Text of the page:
Not all glamping places provide food choices or have on-site restaurants, although it is more popular than staying in an RV park or regular campsite. While camping, it’s more likely that you’ll join a cookout or potluck, or, if you’re lucky, there will be an onsite restaurant or food truck.
Yoga or Board Games?
Glamping often includes spa treatments, instructor-led yoga, horseback riding, and wine tastings, all while sleeping in distant and beautiful natural settings.
You may anticipate everything from no facilities to pools, spas, hot tubs, private campsites, and outdoor kitchens when camping.
How to DIY Glamp
If you don’t want to park the RV and spend a week in a yurt, don’t worry—you can create a glamping experience in your RV.
Even if you have an older RV with dated décor, you may make it seem new again. Paint or put peel-and-stick wallpaper to those uninteresting walls. Replace your regular RV blinds with bright and lightweight drapes or window coverings. Including opulent textiles, cushions, throws, and carpets. Stock up on high-end small appliances and supplies for the kitchen. Replace your sink faucets and install a rain shower head.
Design your outside space with both comfy and elegant goods. Get a soft outdoor mat and include comfy sitting with cushions and blankets. Outside illumination, lanterns, and thin curtains hung from your awning frame your campground. Decorate the picnic table with a cloth tablecloth, candles, placemats, and fabric napkins. Potted plants and outdoor poufs complete the look.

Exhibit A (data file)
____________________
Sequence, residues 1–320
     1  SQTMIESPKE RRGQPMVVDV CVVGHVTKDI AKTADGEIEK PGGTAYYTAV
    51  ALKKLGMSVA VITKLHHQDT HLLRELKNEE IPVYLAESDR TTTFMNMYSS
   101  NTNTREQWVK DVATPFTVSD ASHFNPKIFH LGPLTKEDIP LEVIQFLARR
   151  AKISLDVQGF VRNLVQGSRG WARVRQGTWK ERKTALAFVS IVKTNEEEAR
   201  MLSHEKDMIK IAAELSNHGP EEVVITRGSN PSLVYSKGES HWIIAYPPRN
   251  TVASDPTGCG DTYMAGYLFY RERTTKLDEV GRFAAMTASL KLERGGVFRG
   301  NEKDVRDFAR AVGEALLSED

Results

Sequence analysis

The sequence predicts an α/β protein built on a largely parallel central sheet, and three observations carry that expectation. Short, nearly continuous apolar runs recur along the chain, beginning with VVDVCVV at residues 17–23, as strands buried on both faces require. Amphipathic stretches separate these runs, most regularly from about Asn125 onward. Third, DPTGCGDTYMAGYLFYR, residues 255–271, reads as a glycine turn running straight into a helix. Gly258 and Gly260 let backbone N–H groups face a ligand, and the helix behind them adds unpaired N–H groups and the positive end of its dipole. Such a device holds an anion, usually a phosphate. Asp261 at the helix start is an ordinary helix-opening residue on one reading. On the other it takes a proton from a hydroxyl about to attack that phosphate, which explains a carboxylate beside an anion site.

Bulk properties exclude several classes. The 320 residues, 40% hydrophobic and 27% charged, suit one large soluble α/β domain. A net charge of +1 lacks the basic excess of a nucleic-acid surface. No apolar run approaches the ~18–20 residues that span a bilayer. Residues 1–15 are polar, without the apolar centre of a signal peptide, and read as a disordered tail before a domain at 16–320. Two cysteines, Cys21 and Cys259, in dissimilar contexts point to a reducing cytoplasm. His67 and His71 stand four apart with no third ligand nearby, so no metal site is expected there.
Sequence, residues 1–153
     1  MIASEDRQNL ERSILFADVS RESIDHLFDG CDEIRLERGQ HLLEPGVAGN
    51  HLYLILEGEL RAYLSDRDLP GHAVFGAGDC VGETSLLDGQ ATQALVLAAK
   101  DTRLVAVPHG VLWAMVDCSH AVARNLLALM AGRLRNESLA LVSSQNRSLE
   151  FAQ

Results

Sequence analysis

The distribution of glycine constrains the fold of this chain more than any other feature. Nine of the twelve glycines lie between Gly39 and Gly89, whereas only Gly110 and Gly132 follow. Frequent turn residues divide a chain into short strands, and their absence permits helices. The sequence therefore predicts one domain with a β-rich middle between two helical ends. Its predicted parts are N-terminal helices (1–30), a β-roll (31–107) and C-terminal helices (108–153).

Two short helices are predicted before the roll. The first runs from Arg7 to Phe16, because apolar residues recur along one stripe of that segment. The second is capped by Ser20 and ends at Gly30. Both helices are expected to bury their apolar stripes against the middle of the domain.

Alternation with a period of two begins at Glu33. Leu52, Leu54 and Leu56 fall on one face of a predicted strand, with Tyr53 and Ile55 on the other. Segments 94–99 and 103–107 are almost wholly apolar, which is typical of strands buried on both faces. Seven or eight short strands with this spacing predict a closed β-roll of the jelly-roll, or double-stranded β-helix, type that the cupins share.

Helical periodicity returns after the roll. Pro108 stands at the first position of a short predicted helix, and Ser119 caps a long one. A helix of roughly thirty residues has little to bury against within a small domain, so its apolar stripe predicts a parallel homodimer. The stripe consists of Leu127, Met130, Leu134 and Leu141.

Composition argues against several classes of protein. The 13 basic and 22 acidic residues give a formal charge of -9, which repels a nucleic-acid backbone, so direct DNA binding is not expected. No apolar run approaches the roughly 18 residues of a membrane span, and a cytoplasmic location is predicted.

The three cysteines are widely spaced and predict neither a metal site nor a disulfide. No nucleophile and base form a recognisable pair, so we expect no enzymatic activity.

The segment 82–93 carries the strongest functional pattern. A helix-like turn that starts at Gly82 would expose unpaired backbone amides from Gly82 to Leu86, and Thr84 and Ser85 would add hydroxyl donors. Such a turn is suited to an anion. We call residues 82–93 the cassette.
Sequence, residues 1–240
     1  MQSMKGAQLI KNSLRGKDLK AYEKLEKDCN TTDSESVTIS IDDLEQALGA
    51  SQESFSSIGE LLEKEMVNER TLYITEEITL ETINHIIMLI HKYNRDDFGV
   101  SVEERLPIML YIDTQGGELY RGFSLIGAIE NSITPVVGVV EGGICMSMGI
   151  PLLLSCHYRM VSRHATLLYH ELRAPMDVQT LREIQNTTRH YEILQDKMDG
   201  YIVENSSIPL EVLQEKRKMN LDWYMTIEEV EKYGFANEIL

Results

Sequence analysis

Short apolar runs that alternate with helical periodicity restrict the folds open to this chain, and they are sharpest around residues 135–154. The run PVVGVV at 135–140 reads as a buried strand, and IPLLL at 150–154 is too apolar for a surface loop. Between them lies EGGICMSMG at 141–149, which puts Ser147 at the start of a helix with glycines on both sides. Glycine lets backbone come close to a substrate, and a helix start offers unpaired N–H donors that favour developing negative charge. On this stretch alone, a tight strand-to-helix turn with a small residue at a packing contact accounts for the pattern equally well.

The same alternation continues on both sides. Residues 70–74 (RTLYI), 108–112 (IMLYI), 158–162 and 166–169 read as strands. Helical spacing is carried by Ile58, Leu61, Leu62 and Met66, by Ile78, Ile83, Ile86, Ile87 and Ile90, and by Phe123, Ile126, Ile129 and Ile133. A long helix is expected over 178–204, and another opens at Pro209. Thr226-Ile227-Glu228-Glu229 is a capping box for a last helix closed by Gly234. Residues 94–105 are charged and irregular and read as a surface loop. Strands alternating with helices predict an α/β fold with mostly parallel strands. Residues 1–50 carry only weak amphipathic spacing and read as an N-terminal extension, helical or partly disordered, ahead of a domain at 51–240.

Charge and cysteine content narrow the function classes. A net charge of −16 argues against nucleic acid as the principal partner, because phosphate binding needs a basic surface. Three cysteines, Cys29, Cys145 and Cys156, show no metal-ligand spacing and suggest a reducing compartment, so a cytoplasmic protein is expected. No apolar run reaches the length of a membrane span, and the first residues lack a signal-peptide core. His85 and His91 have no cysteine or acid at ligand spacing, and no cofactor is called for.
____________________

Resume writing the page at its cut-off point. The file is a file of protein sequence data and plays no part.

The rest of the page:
Book the Ultimate Camp
Instead of roughing it, choose a place that corresponds to your level of luxury and comfort. Find a campsite that has an infinity pool, sauna, or spa. If you plan on staying at your campsite, select a location with private, spacious, and lush sites with brick pavers, outdoor kitchens, and fireplaces. Splurge on food delivery to the campsite for meals.
Are campers a waste of money?
The simple answer is no. The value of an RV depreciates with time, with the exception of certain in-demand antique models. An RV is an investment in a lifestyle, but you can mitigate the expense by renting it out when not in use through a third-party rental site like Outdoorsy or RVshare.
Is camping in a camper really camping?
Most people describe camping as “an outdoor pastime that involves overnight stays away from home in a shelter, such as a tent.” However keep in mind that shelter may refer to either a tent or an RV. Camping is camping whether you’re sleeping on the ground in a tent or in a cozy RV.
Is the RV craze over?
The RVIA sees this decline as a return to normal market trends, which it expects to carry over in 2023. As 2022 approaches, RV costs are falling in all but one class. Class B motorhomes are still in great demand, maybe as a result of rising fuel costs.
What is the downside of owning an RV?
The most significant disadvantage of having an RV is unquestionably the expense. In addition to the RV’s purchase price, there are several extra fees associated with RV ownership. There are also maintenance, storage, insurance, and several other charges.